The Drukpa lineage of Tibetan Buddhism was founded in 1206 after Drogon Tsangpa Gyare, (Drogon - 'Protector of Beings'; Tsang - 'born in the land of Tsang'; Gya - 'from the noble clan of Chinese (Gya) origin'; Re - 'a cotton-clad yogi') after he saw nine dragons fly into the sky from the ground at Namdruk. He is known as the First Gyalwang Drukpa & is recognized as the indisputable emanation of Naropa (1016–1100). Jigme Pema Wangchen is the twelfth & present incarnation of the Gyalwang Drukpa. His work includes promoting gender equality, establishing educational institutes, medical clinics & medication centers as well as promoting environmentalism & rebuilding several heritage sites in the Himalayas. It was an honour for me to have been invited by His Holiness the Gyalwang Drukpa to document the 5th Annual Drukpa Council held at Hemis Gompa in Ladakh, India.
Monasteries of Ladakh
Buddhism spread into western Ladakh, literally meaning "Land of high passes" - along the Indus river valley from Kashmir in the 2nd century, when much of eastern Ladakh & western Tibet was still practising the Bon religion. A remote sparsely populated region, Ladakh gained importance by being situated at the crossroads of important trade routes. Buddhism took hold & many stunning monasteries sprung up over the centuries, often perched high on rocky outcrops.
This is an ongoing project, to document the sacred architecture of the region & it's place in the landscape. Initially documenting the history & legacy of the Drukpa lineage of Tibetan Buddhism in the region, the project has expanded to include important Buddhist monasteries of other orders. It further addresses the fact that it is now Islam that spreads west along the Indus valley from Kashmir into Ladakh, resulting in rapid changes in the spiritual, social & demographic landscape of the region.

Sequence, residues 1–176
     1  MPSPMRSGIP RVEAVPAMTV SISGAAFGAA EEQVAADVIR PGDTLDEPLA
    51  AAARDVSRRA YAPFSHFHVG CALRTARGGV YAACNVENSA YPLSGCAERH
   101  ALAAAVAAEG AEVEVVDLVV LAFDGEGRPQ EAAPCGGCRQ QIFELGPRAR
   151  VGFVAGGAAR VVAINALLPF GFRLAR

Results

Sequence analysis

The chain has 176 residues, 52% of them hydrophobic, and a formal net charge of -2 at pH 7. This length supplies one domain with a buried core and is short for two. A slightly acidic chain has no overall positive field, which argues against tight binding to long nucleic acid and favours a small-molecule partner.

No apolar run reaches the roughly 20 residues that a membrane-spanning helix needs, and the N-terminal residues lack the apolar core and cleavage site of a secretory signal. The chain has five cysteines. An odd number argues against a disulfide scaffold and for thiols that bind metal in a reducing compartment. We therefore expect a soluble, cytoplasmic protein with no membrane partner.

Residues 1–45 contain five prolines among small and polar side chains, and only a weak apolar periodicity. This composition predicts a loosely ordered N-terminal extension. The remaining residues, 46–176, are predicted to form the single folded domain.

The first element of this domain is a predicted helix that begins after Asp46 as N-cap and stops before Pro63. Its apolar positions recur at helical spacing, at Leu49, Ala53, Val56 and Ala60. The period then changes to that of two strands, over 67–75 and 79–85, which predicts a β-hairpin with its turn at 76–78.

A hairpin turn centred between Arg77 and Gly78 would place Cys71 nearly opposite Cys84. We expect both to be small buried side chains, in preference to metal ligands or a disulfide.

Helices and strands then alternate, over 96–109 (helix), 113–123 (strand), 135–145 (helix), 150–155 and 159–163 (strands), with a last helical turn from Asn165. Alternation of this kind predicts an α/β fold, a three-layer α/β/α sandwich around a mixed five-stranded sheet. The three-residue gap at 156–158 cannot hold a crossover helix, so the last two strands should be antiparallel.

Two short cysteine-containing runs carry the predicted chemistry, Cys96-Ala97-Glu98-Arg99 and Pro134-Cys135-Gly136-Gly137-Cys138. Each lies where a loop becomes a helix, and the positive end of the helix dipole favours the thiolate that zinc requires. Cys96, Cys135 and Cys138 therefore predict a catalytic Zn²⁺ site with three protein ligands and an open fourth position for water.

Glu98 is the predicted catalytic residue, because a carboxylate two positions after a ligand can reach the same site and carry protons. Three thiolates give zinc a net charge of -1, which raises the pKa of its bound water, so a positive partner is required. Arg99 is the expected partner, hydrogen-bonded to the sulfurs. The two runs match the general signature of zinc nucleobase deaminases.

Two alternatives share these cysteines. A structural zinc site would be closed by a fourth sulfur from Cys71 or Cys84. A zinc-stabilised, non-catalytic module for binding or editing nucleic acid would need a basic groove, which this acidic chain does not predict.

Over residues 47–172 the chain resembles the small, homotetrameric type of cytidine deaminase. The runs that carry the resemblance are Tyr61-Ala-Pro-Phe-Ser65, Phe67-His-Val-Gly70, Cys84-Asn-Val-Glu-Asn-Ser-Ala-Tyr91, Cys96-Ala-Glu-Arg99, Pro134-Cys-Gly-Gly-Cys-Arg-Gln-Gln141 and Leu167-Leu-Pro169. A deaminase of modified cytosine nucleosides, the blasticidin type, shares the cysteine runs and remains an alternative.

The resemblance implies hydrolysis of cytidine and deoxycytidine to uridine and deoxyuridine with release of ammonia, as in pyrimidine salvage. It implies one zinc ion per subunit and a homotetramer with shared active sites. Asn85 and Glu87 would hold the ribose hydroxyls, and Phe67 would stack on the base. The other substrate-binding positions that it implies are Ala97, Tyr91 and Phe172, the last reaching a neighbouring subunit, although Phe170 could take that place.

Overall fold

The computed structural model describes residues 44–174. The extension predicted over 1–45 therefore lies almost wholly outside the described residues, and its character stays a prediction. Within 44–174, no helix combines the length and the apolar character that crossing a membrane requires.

Sari Weavers of Varanasi
Long considered the finest Saree in India, the silk weavers of Varanasi have been handing down their knowledge & their skills from father to son for 6 centuries. Hand-woven Banarasi saree are most famous for their "Kincob" or brocade style, most picturesquely described as "cloth of gold", where a fine base of silk threads hold together intricate gold or silver designs, often with opulent embroidery.
Due to the mass production of cheaper & inferior, machine-woven saree from factories in China, it is becoming harder & harder for these artisans to make a living. Sons no longer want to follow in their fathers' footsteps, often preferring a more secure "government job" that provides more financial stability. I was lucky enough to spend time with two families of weavers & glimpse in awe at the skills they have honed over centuries, & the beauty of their disappearing craft.
A golden, silent "snapshot" of early morning life, both sacred & profane, along the ghats of India's holiest city - Varanasi. Shot from a small rowing boat at sunrise, in one take, on one morning, from & at the pace of Ganga Maiya (Mother Ganga) the embodiment of all sacred waters in Hindu mythology.
The water is held so sacred that Hindus believe that rituals performed by the river multiply in their blessedness. Hindu scriptures say that the sight, the name, and the touch of Ganga cleanses one of all sins, & taking a dip in the holy Ganga bestows heavenly blessings.
In the Vedic version of the Avatarana, Indra, the Lord of Svarga (Heaven) slays the celestial serpent, Vritra, releasing the celestial liquid, the soma, or the nectar of the gods which then plunges to the Earth.
As the Ganges descended from Heaven to Earth she is also the vehicle of ascent, from Earth to Heaven & the crossing point of all beings, the living as well as the dead. No place along her banks is more longed for at the moment of death by Hindus than Varanasi, the Great Cremation Ground, or Mahashmashana. Those who are lucky enough to die in Varanasi, are cremated on the banks of the Ganga & are granted salvation.